|Gerardo Arellano, Untitled, 2011|
When attending the juggernaut that is E.A.S.T you may be overwhelmed, much as I was. There are hundreds of artists exhibiting paintings, sculptures, jewelry, poster design, and more along with bevvies, snacks, and tons of people. The tour is on two consecutive weekends, Saturday and Sunday from 11 to 6 each day. What was once a modest booklet that viewers could pick up to see a list of each artist's work and where to find it, has now been made into a chunky, high gloss, full color book of high quality photographs of many of the more spectacular artists work for the year.
The book gives you a good idea of the diversity and variety of works that can be seen. You may plan a schedule(and check a map) as works are exhibited in clubs, galleries, and stores all across East Austin. I had limited time to be able to see things(because I work on weekends during the day) and also had friends who wanted to meet up and go see stuff, so my plan was already kind of made. On the first Sunday, I went with my friend Brook to go see this place on Cesar Chavez called ARTPOST since a friend of hers, Jim, who owns the space, had been in the shop earlier in the week dropping off info flyers and had invited us to come check it out. They had 60 different artists exhibiting in small studios over a sprawling art complex. It was pretty amazing to see so much in one place.
We met an artist that made poured concrete sculptures that could easily be moved from space to space and even rearranged due to their construction on metal rods. We walked around inside multiple studios and I picked up on the fact that so many textures and so many different types of materials were being displayed here. Some artists had simple pencil drawings on sketch paper tacked up to the wall, others had full-on framed canvasses with price tags and titles and others were kind of a mix of the two, selling screen printed t-shirts and handbags along with their collections. To me, it was a little disjointed and hodge-podge, but that is the nature of the beast. Let us not forget, that EAST is a business. Each artist pays a submission fee to display their work along the tour. They sign up for EAST hoping to make a buck or two and get some exposure. Which is all well and good, it's a boon to Austin's thriving economy, gets people out on lovely fall weekends to appreciate the arts, and can even help to educate people in the community about how to get started or find inspiration/outlets for creativity.
The following weekend, I had a couple of hours after work and decided to check out an exhibit at The Volstead on East 6th entitled Los Tres Tex Mex, featuring the work of Aldo Ramos, Gerardo Arellano, Federico Archuleta, and Bradley Williams accompanied by clothing from ZZZ Threads and beaded Huichol Indian Jewelry. There was also a live band the day before and a documentary about the Huichol decorated guitars being auctioned off as part of the Belles Artes Alliance to raise funds to produce events that promote Latino culture and arts.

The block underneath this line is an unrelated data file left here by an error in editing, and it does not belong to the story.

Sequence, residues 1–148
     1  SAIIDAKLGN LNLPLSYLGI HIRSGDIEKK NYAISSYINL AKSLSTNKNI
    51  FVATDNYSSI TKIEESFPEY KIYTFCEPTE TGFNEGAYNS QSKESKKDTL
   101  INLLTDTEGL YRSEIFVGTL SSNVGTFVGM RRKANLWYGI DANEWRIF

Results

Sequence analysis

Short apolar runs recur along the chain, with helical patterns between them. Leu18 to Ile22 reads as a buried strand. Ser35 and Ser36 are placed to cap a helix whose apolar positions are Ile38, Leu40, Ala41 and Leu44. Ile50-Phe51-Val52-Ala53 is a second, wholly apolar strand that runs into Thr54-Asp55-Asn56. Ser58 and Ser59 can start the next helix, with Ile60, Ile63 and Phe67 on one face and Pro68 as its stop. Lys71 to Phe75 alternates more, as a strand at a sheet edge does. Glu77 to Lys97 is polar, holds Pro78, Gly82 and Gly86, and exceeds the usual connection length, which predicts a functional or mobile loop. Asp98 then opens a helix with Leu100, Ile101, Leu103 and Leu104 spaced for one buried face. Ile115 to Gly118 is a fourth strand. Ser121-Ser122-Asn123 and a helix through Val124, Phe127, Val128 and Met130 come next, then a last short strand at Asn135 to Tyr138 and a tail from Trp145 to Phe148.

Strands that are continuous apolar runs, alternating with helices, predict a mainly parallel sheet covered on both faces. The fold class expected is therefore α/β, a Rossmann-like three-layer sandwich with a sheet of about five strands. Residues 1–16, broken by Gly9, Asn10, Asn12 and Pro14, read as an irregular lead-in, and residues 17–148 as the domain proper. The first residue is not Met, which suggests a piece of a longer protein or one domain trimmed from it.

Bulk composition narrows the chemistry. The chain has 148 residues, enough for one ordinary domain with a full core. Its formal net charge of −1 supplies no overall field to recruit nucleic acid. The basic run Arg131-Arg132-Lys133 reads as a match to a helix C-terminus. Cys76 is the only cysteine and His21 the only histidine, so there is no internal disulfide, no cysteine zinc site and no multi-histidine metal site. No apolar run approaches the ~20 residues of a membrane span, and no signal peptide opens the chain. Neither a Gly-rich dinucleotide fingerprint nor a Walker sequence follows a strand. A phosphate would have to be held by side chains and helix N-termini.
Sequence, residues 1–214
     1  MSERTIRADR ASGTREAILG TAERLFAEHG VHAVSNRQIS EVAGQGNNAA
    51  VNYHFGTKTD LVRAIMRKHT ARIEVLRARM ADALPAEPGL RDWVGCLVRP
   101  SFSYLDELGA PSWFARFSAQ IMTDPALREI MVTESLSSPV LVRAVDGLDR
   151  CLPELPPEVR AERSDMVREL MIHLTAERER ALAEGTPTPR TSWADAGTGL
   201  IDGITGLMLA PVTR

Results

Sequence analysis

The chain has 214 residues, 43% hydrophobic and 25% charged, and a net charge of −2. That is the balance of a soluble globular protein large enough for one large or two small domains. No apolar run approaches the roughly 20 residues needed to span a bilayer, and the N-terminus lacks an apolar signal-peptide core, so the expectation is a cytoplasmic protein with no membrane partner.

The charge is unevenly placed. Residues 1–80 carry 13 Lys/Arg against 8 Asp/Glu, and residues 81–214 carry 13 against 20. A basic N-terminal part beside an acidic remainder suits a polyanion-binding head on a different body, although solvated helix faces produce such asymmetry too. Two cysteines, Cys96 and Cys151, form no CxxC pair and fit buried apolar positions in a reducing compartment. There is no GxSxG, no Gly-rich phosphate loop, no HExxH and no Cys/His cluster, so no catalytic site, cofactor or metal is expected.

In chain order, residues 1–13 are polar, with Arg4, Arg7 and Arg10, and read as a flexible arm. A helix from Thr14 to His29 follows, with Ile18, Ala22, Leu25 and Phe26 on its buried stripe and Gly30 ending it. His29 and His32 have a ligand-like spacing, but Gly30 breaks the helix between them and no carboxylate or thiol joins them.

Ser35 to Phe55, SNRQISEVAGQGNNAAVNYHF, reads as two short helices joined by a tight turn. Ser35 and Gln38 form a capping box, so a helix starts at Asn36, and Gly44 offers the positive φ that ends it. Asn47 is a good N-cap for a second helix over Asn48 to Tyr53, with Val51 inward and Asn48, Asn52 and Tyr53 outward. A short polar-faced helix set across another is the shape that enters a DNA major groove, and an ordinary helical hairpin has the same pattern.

Aldo Ramos, Untitled
The exhibit space has its drawbacks. Art is hung on the walls and propped up against fence line with no titles or even artists names. The primary space where things are exhibited makes it hard to see, whether you are inside(where it is a dark bar) or outside(where natural light has to suffice in the daytime, and a single string of christmas lights in the night). However if you look around at the art, and the communal space you are in you start to understand why. These artists are using what they have, which is sometimes very limited, to convey what they find important. They find us where we live. Many of the artists use found materials as canvases as well as mediums. Their subjects depict their culture, from the night sky, to dia de los muertos skull figures, to integrating city life and lucha libres. These self described "border artists" are all interested in depicting life and influences from South Texas and North Mexico upbringings. The culture is unique, in expression, in use of color, and in tongue-in-cheek kitsch. Most use what they can find and allow that to dictate what materials they use for each work. Materials include: pen, pencil, marker, acrylic paint, crayon, lip liner, nail polish and found objects. All of the artists were present to talk to and were engaging when talking about the art and the Huichol culture as the primary focus for the show. I even got to meet the Huichol shaman that was there giving limpios, or spiritual cleansings.
Huichol Indian Shaman
What I really took away from this was a down to earth, communal art experience. I sat at a table and talked with friends I just made about an exhibit at the Doherty Arts Center a few years back that included a braided rug made entirely of human hair. My friend Camille was telling me about an event that had happened the first weekend of EAST at Peacock salon where she got her hair cut by a fifth grader. The laid back atmosphere of the bar, was way more comfortable to me than an art gallery and much more relatable. Living in Central Texas I am not that far from Mexico and I feel like this is some small way to merge the two cultures together. In an old East Austin bar in a neighborhood that is rapidly changing, and the culture seems to be getting lost in big city dreams, these artists are here to promote what is being lost. After all, most of the businesses along East 6th have only popped up within the last 2-3 years, replacing many that had been there for years. However, in some cases converting usable space(as is the case with the Hotel Vegas renting their old rooms out as efficiencies that are updated) mixing new with old. I for one am glad to see the sharing of tradition and the blending of cultures in my neighborhood.